By: Hunter Crowther
Most Americans will be focused on the presidential results between Democratic nominee Hillary Clinton and Republican candidate Donald Trump, but there are several important issues voters face at the state level.
Minimum wage, marijuana, guns and the death penalty are all key issues citizens will vote on when they cast their ballots.
Let’s take a look.
Four states – Arizona, Colorado, Maine and Washington – will vote on raising the minimum wage. While none are aiming for Vermont Senator Bernie Sanders’ goal of $15 an hour (which Seattle, Wash. already approved), all four are looking at modest increases that would be gradually introduced by 2020.
If approved, Washington would increase its minimum wage to $13.50, a $4 increase from $9.47.
The other three states will vote on a bump to $12; currently, Colorado is $8.31, Arizona is $8.05 and Maine is $7.50.
Maine would also raise its minimum wage for tipped workers. Arizona and Washington would also introduce a minimum for paid sick leave.
According to the Initiative and Referendum Institute, since 2000, 15 states have had a higher minimum wage on the ballot, all of which passed.
California is offering a measure that would legalize possession of one ounce of marijuana, or up to eight grams of cannabis concentrates.
Nevada already passed medical marijuana in 2000. If today’s bill passes, it would legalize up to one ounce of marijuana. Revenue from a pot tax would support Kindergarten to Grade 12 education.
If approved, Maine would allow residents to possess up to 2.5 ounces of marijuana.
Arizona already has nearly 100,000 medical marijuana registrants. If recreational use passes, possession of up to one ounce of pot will be enabled. Like Nevada, revenue from a marijuana tax would be allocated to schools, as well as public drug education.
Massachusetts‘ pot bill would treat cannabis like alcohol in legal terms. Citizens would be allowed to possess one ounce of marijuana outside their home, and up to 10 ounces in an enclosed, locked space within their residence.
Florida is voting on medical marijuana use. In 2014, Florida narrowly voted against it by two per cent.
Arkansas is an outlier, with two marijuana bills.
- Arkansas Medical Marijuana Amendment (Issue 6): A state constitution amendment, it would legalize doctor-approved medical cannabis treatment.
- Arkansas Medical Cannabis Act (Issue 7): Also enables doctor-approved medical cannabis treatment, but through nonprofit compassion centres.
Montana is voting to reinstate medical marijuana. It was originally made legal in 2004, but legislative restrictions made the law nearly impossible to work.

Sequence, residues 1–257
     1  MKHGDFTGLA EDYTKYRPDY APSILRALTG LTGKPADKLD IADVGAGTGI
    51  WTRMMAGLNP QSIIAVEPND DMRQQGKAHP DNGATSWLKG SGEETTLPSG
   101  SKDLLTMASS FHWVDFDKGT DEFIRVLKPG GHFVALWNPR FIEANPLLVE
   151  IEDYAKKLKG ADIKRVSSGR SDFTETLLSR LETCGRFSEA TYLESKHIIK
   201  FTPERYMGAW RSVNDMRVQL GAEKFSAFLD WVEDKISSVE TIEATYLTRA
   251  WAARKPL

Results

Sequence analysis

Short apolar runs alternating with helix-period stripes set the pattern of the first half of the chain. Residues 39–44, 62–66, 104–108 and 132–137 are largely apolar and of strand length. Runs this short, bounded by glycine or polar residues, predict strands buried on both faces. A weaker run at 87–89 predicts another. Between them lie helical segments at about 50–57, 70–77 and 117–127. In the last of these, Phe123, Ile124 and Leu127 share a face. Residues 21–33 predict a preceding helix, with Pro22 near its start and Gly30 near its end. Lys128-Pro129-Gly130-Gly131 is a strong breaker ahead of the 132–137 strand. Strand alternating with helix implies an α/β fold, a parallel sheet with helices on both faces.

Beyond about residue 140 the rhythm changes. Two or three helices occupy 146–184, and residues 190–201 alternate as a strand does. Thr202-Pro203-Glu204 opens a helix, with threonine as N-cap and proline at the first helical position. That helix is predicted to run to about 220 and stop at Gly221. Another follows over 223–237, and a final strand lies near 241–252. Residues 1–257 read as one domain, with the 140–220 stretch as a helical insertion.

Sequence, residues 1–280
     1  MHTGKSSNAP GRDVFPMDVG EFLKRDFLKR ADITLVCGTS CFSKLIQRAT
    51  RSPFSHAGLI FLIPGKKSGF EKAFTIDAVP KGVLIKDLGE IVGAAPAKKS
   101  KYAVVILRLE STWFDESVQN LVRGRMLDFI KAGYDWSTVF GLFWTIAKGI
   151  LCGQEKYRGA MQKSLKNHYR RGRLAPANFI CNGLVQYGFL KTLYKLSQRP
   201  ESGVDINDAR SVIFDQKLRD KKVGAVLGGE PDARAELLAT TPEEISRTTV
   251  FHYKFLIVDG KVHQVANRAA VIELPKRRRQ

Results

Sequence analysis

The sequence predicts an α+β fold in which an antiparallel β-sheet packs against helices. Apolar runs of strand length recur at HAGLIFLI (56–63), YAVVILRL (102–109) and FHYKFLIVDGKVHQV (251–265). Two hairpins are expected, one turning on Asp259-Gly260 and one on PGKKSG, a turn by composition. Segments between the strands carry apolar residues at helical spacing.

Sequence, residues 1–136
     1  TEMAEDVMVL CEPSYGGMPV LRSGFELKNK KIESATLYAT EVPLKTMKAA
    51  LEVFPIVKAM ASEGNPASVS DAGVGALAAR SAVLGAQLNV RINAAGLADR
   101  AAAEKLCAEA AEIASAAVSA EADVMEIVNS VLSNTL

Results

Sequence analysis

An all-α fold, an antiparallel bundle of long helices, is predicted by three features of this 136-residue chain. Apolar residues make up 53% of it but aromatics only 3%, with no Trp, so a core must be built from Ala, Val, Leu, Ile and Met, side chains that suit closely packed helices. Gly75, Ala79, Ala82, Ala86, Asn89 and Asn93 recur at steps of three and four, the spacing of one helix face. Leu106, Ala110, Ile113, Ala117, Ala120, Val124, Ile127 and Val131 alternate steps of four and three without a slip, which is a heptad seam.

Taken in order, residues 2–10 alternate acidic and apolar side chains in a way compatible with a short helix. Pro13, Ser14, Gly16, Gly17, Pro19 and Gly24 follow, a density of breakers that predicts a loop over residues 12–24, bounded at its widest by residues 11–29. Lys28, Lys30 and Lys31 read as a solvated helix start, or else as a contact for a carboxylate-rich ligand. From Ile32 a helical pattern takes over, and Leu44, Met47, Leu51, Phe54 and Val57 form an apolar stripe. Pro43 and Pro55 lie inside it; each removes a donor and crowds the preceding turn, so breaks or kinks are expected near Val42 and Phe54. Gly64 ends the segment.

North Dakota would legalize medical marijuana for residents who suffer from one or more debilitating illnesses. They could possess up to three ounces of pot.
Colorado, Oregon and Washington have already legalized recreational marijuana use.
Before the vote, 31 states and the federal government use capital punishment. Issues like prisoner rights, morality and access to lethal drugs are on different states’ respective ballots.
California has two bills regarding the death penalty. Prop 62 repeals it, while Prop 66 changes rules within the legal system to speed up the time line from conviction to execution.
Nebraska will allow voters to either ‘retain’ or ‘repeal’ a decision made by the state legislature to eliminate the death penalty. A vote for ‘retain’ means you’re against the death penalty. ‘Repeal’ is a vote for it.
Oklahoma is voting to increase the state’s options for execution methods “not prohibited” by the U.S. Constitution.
The largely-Republican U.S. Congress has rejected any and all measures related to gun control. However, several states have introduced moderate conditions to gun purchases.
California would add several gun control rules, including a background check to purchase ammunition.
Maine would add background checks for buying and selling firearms.
Nevada would make it illegal to buy or sell firearms to someone without a licensed dealer conducting a federal background check.
Washington would allow courts to issue temporary orders at the request of police, family or household members to prevent people “exhibiting mental illness, violent or other behaviour indicating they may harm themselves or others” from having access to guns.
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